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Tuesday, 11 August 2009
Page: 4561


Senator CAMERON (10:18 PM) —I rise tonight to honour the memory of a dear friend and comrade, John Parkin. John was a big man. John had a big physical presence, but he also had a fantastic sense of humour, a commitment to social justice and a desire to change things for the better. The most common description I have heard of John is that he was ‘a larger than life character’. He really was one of a kind.

John passed away early on Monday morning after a lengthy and courageous battle with an extremely aggressive brain tumour. John was only 53 when he died. He had still much to offer his adopted country. John leaves behind a loving and caring wife, Wendy, who devoted herself to supporting and looking after him as he battled this cruel twist of fate.

I have known John for over 25 years. We met as activists and officers of the Australian Manufacturing Workers Union. We had a lot in common. We were both Scotsmen who moved to Australia to make a new life. We were both fitters and we were both committed trade unionists. We were also both supporters of Glasgow Rangers Football Club during the good times and the bad times. John was fiercely proud of being a Scot and he was equally proud of being an Australian citizen. John was a Brandane, the name for those born in Rothesay, on the Isle of Bute, a beautiful part of Scotland.

John was looked after a lot of the time by his Aunty Joan, who has travelled with her husband Jim to be with John in the final days of his titanic struggle with the brain tumour. His Aunty Joan recounted to me how John hated school, how he was always in trouble and how he, in her words, was ‘quite a handful’. John started his commitment to caring for the community by taking his father’s fire gear to the local volunteer fire brigade and for this, he received two bob for each call-out. Aunty Joan tells me that much of John’s earnings were spent at the famous Zavaroni’s fish and chip shop, where John nurtured his love of good food.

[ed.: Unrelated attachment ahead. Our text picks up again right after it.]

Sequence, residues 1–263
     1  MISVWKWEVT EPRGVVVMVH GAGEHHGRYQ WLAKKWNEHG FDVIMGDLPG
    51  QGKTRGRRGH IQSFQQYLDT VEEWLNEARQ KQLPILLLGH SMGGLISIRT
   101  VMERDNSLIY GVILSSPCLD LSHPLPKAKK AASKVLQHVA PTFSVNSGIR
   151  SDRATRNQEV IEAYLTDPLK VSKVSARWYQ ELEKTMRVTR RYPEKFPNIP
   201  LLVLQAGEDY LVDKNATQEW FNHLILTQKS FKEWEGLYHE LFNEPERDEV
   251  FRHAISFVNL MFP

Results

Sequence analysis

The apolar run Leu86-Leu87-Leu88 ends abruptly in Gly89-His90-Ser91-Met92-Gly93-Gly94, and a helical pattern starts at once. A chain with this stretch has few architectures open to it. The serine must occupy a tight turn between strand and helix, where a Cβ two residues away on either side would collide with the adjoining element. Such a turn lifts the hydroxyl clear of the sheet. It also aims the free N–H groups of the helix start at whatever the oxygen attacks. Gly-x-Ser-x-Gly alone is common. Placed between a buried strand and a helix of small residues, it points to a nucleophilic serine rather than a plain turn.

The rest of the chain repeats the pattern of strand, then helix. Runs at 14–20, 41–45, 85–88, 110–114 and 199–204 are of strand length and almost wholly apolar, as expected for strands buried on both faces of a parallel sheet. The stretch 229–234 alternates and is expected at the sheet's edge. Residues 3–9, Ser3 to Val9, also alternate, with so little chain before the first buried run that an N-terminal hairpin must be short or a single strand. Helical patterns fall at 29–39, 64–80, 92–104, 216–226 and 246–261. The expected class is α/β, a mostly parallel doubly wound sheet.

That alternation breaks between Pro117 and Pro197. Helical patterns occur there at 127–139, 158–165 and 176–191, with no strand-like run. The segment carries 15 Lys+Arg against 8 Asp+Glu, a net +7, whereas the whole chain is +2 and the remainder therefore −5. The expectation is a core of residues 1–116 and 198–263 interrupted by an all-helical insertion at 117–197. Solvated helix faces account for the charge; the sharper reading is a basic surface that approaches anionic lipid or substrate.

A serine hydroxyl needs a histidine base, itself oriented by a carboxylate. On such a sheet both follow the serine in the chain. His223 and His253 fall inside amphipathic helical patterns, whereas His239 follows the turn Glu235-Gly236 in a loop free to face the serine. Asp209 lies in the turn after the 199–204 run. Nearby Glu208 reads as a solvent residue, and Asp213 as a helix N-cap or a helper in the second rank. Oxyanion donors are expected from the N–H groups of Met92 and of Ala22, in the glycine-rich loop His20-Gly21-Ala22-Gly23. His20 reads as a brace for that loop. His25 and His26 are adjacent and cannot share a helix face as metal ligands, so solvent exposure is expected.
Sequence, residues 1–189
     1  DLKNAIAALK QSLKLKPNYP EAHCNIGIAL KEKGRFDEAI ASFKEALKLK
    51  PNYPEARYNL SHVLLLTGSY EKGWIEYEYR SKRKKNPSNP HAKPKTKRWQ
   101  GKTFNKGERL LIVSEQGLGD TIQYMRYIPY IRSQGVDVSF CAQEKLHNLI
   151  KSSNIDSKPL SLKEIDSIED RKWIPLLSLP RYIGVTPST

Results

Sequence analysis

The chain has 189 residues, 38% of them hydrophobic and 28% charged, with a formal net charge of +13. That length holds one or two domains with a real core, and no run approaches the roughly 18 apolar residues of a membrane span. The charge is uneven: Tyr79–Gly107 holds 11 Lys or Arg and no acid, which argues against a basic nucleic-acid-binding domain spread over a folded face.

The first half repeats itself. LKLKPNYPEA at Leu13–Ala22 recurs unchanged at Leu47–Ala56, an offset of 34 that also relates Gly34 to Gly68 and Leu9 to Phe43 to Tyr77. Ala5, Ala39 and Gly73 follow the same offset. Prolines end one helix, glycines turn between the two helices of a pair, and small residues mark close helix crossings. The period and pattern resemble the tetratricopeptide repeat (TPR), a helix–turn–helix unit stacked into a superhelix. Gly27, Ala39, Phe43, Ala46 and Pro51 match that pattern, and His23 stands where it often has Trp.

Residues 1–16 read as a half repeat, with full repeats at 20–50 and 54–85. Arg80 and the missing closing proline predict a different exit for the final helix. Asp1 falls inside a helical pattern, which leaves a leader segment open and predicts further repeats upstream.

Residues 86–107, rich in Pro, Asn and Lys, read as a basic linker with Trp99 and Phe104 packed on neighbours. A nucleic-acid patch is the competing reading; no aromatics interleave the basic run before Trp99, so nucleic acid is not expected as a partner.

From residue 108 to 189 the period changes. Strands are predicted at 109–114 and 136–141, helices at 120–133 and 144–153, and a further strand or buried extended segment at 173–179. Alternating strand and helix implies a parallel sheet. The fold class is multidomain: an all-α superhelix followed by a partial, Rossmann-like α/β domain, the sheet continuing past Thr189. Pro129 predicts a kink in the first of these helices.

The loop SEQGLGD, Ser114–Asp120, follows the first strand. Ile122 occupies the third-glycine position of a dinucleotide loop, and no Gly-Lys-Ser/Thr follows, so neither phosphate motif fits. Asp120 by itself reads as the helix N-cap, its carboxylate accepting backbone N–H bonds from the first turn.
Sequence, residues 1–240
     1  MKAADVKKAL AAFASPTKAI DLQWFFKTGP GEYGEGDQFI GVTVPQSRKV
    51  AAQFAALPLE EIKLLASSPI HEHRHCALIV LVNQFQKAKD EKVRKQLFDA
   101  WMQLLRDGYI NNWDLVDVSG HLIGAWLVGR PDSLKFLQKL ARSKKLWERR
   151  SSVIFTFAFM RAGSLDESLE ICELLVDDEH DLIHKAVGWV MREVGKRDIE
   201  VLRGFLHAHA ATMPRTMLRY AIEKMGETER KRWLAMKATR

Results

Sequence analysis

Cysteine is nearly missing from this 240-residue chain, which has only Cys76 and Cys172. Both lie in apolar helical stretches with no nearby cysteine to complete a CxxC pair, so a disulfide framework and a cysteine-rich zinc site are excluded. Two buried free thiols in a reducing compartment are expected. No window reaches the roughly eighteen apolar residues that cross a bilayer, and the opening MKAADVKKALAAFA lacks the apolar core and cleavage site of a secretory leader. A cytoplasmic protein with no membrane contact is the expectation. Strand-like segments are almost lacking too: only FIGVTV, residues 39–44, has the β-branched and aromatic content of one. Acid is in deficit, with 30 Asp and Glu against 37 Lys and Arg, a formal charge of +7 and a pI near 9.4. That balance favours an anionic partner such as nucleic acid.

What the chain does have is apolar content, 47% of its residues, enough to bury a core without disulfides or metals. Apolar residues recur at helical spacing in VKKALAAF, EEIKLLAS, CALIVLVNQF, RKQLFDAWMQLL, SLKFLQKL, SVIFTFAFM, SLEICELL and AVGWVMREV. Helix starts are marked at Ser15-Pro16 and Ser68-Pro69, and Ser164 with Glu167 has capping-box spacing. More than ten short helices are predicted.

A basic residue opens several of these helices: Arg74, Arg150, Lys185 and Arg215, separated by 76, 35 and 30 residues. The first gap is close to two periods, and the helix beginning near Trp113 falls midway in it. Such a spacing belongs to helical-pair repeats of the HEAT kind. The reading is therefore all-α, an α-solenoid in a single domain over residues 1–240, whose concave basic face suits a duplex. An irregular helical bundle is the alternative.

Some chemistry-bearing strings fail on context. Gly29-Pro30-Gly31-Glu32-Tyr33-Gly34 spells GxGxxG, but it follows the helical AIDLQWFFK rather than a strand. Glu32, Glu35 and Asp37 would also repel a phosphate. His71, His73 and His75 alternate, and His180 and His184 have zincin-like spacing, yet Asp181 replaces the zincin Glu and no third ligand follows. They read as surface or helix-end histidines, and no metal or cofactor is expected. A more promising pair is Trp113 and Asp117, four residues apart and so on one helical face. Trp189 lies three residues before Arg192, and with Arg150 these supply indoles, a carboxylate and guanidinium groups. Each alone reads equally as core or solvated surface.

John moved with his family to Corby, in England, where his father had a job in the local steel mill. John was apprenticed as a fitter and turner at the Corby Steelworks. After serving his apprenticeship John emigrated to Australia and worked at Weir Engineering Brookvale and at Avon cosmetics at Frenchs Forest. Like many Scots, John was determined to stand up for himself and his fellow workers.

This resulted in John being elected as the union delegate for the workers at Avon. John was absolutely committed to ensuring that workers could come to work and go home uninjured. The priority for John was occupational health and safety and as the delegate at Avon he developed an induction video for training purposes. This was one of the first site induction training videos used in the manufacturing industry.

John’s commitment and talent were quickly recognised and he was offered employment with the AMWU as an acting organiser. John quickly concentrated on health and safety issues and became one of the union’s two health and safety officers, providing advice and support to workers in New South Wales, Queensland, the Northern Territory and Tasmania. Following a period as the union’s health and safety officer, John was asked to head the New South Wales branch’s research centre. John’s commitment and talents were further recognised when he was appointed to the position of national education officer. During this period John, who had hated school, completed a master’s degree in adult education and training at the University of Technology, Sydney. It was also during this time that John met and married the love of his life, Wendy Hamilton, who was also employed by the AMWU.